Can Crypto Be Sustainable?

Although there is a lot of optimism surrounding cryptocurrencies, critics highlight a significant drawback: its adverse impact on the environment. Crypto, specifically mining, negatively affects the environment because it requires a sheer amount of processing power to do. And while mining is only one way to verify cryptocurrency transactions and create new coins in the blockchain, it is the approach employed by the biggest cryptocurrencies.

A crypto miner typically uses powerful computers that contend with each other to verify transactions in exchange for currency; a huge amount of energy to run sophisticated algorithms; and sources of that energy that are often not renewable, like fossil and coal. In 2021, an energy tracker by Cambridge University showed that Bitcoin mining uses more energy each year than small countries, such as Sweden, Argentina, and Malaysia.

Aside from this, mining equipment also gets outdated quickly, so cryptocurrency mining also produces a sizable volume of electronic waste. This is particularly accurate for Application-Specific Integrated Circuit mining, which involves modified devices designed for mining specific cryptocurrencies, often the biggest and most popular ones.

Green Cryptocurrencies

As the integration of crypto into cultures and economies around the world expands, the answer to the question "can crypto be sustainable?" becomes increasingly urgent. Right now, there are a few projects and attempts in achieving a greener blockchain. And new methods that lessen the environmental impact of this technology are the foundation of emerging green cryptocurrencies.

In pursuit of solutions for increased sustainability, many of these elements may also be applied to current cryptocurrencies. So the answer is a resounding yes! Crypto can be green, but for it to be 100% sustainable, strong support from the industry and all crypto bros is needed. Here are four green crypto projects, coins, and solutions that are currently gaining steam:

Algorand (ALGO)

Algorand, a proof-of-stake blockchain that was only launched in late 2019, is similarly a relative newcomer to the market, but by the end of 2020, it was able to handle around a million transactions daily. Its value is derived from the fact that it facilitates smart contracts. A user's impact on the network is inversely correlated with their position in the network, so the blockchain is safe, flexible, and free of possible governance problems and forks. This also means that the Algorand system is energy efficient, compared with Ethereum and Bitcoin.

Stellar Lumens (XLM)

The Stellar network, which is run by the non-profit Stellar Development Foundation, aims to close the gap between traditional financial and cryptocurrencies. The network's operating costs are covered by tax-deductible donations. It is more interested in maintaining a network that enables simple and affordable cross-border payments than in making quick money with significant increases in the price of Lumen.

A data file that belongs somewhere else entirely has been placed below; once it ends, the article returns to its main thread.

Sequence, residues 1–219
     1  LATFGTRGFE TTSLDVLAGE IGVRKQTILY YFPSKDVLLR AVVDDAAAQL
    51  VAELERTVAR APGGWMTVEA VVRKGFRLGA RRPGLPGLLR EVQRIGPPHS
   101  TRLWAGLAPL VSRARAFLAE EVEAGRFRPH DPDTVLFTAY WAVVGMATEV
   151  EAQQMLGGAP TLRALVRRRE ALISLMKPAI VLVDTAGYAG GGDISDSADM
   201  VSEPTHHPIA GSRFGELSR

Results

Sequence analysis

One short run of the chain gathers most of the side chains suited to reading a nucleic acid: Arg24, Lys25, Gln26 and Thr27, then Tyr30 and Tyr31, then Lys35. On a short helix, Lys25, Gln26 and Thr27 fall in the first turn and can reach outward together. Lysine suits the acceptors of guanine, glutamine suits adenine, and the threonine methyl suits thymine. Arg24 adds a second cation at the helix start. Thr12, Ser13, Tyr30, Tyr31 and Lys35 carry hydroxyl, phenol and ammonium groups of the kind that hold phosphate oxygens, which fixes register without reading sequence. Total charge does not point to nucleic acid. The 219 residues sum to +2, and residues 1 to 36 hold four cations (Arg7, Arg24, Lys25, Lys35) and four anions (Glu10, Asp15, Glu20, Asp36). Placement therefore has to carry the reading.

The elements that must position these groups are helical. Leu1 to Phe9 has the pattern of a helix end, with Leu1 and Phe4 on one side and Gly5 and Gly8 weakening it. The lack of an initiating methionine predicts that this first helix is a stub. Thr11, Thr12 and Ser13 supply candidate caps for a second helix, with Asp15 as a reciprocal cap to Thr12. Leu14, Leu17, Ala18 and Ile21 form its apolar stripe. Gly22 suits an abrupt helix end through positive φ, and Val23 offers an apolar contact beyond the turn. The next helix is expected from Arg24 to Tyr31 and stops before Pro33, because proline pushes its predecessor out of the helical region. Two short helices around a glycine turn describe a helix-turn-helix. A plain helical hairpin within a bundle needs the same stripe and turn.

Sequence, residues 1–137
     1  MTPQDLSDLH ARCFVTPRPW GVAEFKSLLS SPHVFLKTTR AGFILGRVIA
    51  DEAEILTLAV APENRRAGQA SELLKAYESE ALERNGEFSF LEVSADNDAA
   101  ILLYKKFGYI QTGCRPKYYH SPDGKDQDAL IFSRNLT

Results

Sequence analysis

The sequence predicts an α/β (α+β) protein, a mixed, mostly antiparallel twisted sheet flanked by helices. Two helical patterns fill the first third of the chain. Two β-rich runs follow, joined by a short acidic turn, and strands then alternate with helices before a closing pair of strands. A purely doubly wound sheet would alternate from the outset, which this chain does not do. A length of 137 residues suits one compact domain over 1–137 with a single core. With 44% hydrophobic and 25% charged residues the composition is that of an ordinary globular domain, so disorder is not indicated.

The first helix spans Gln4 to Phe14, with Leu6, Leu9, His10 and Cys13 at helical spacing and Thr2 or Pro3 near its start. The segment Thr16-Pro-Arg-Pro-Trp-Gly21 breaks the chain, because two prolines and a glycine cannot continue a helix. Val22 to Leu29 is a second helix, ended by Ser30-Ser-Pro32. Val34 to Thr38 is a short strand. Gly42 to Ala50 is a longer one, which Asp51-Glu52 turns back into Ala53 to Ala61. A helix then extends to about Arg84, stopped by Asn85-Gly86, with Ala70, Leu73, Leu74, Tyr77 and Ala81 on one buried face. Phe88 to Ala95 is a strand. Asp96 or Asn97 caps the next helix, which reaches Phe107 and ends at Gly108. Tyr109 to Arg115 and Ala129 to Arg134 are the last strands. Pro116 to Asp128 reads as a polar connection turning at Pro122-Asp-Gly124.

Due to the fact that it makes cross-asset and cross-border transactions quicker, simpler, and more affordable, Stellar is gradually being recognized as a genuine PayPal competitor. The goal of SDF is to increase people's empowerment, market openness, and financial flexibility in order to maximize global economic potential.

Nano (NANO)

In comparison to the majority of cryptocurrencies, Nano, launched in 2015, is quick and consumes a lot less energy. It’s also free! Since it doesn't depend on mining, it leaves minimal carbon footprint and is also lightweight and scalable.

It employs the block lattice solution. Although it continues to rely on a Proof of Work system, this energy-efficient technology creates an account-chain for each network user in addition to the blockchain. The platform also utilizes a Open Representative Voting mechanism, in which users choose a representative who will work to safely validate transactions.

Cardano (ADA)

Cardano is vetted by scientists and academics as the first peer-reviewed blockchain. It has the capability to process 1,000 transactions per second as opposed to Bitcoin's seven transactions per second. Although its primary usage is as a virtual currency, it may also be applied to other transactions, such as digital contracts and DApps.

Because it employs the “proof of stake” consensus method, it is naturally more energy efficient than most cryptos. It has a lot of similarities with Ethereum, minus the bloat. This makes it possible for the coin to grow up without sacrificing speed or efficiency in order to satisfy rising demand. Discover RadioShack Swap here